A complete guide to application design in beyond the scope of Stackoverflow. Instead, start with the example TreeIconDemo shown in How to Use Trees. Notice how it adds a TreeSelectionListener to the tree in order to update a nearby JEditorPane. Now, add another TreeSelectionListener to a different view to see how you could update the new view, too. You might also get some insight from this related answer.

Addendum: Starting from this example, you can do something like the following. Changing the selection updates the textField to show the selected node's name. Editing either the node (typically F2) or the textField changes the selected node's name.

private JTextField textField = new JTextField(10);
...
final DefaultTreeModel treeModel = new DefaultTreeModel(root);
tree = new JTree(treeModel);
tree.addTreeSelectionListener(new TreeSelectionListener() {

    @Override
    public void valueChanged(TreeSelectionEvent e) {
        TreePath path = e.getNewLeadSelectionPath();
        if (path != null) {
            DefaultMutableTreeNode node =
                (DefaultMutableTreeNode) path.getLastPathComponent();
            if (node.isLeaf()) {
                Resource user = (Resource) node.getUserObject();
                textField.setText(user.toString());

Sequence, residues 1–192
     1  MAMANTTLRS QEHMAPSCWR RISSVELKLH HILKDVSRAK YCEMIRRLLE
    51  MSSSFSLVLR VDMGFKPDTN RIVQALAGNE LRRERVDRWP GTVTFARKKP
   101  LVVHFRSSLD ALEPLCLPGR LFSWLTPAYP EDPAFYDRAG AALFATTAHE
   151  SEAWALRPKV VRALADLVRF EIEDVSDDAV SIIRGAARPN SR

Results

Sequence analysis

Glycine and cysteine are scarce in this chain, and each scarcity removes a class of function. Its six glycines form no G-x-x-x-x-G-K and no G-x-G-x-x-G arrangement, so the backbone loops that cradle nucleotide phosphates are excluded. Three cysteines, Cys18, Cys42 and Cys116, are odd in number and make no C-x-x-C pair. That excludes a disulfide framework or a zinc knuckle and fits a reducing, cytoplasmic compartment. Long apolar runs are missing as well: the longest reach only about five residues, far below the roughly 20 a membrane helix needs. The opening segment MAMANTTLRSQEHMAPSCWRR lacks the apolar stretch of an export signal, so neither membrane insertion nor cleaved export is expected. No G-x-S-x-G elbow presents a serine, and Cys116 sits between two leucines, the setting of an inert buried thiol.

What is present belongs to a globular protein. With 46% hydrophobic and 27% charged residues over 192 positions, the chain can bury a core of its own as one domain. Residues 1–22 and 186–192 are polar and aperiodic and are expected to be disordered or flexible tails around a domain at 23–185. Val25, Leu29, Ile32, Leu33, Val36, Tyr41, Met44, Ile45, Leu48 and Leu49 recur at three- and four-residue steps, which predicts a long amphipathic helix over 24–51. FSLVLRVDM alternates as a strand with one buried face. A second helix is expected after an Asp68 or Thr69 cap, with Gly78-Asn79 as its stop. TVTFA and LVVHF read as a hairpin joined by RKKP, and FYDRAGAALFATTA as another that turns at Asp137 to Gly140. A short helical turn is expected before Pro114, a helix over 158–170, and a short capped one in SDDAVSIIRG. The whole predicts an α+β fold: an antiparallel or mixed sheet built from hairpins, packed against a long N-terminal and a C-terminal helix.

} else {
                textField.setText("");
            }
        }
    }
});
textField.addActionListener(new AbstractAction("edit") {

    @Override
    public void actionPerformed(ActionEvent e) {
        TreePath path = tree.getSelectionPath();
        if (path != null) {
            DefaultMutableTreeNode node =
                (DefaultMutableTreeNode) path.getLastPathComponent();
            if (node.isLeaf()) {
                String s = textField.getText();
                Resource user = (Resource) node.getUserObject();
                user.setName(s);
                treeModel.reload(node);
            }
        }
    }
});
share|improve this answer
    
I don't think this person is asking for a complete guide to application design. The application seems designed quite well to me, adhering to MVC principles. The question, at least to my understanding, is how to associate a Java Action with a JTree/TreeModel. Perhaps the question title should be edited to reflect the real question. –  Eva Jul 24 '12 at 21:33
    
@Eva: Good point; without something more specific, it's hard to offer a better example. user1549299: see also Action. –  trashgod Jul 24 '12 at 21:37
    
I have added some more information to the initial article on my problems with using one model for multiple views which hopefully makes my areas of insufficient understanding a bit more clear ... –  apatwork Jul 25 '12 at 16:17
    
I've elaborated above. –  trashgod Jul 26 '12 at 0:32

Wow, that's a lot of detail! Thanks!

Okay, I do something similar with JTable's (insert/delete rows).

Essentially you want an Action that can take a reference to a JTree. This Action can then be supplied to your File menus, Popup Menus and event assigned to key strokes. If you write the code super efficiently, the same action can be shared, but this is not an essential requirement.

What you want to do, is to let the view and model do what they are designed to do, you action is simply the catalyst for getting the process started.

So basically you could do something like:

public class RenameNodeAction extends AbstractAction {

    private JTree tree;
    public RenameNodeAction(JTree tree) {
        this.tree = tree;